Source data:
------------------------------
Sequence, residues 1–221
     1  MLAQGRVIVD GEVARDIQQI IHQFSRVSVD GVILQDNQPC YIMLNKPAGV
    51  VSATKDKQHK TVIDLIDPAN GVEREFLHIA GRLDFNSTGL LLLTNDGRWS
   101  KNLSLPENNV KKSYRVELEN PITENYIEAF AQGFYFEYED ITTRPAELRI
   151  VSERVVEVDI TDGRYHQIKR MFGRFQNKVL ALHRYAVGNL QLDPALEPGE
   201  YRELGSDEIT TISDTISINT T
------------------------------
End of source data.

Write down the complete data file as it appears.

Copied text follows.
Sequence, residues 1–221
     1  MLAQGRVIVD GEVARDIQQI IHQFSRVSVD GVILQDNQPC YIMLNKPAGV
    51  VSATKDKQHK TVIDLIDPAN GVEREFLHIA GRLDFNSTGL LLLTNDGRWS
   101  KNLSLPENNV KKSYRVELEN PITENYIEAF AQGFYFEYED ITTRPAELRI
   151  VSERVVEVDI TDGRYHQIKR MFGRFQNKVL ALHRYAVGNL QLDPALEPGE
   201  YRELGSDEIT TISDTISINT T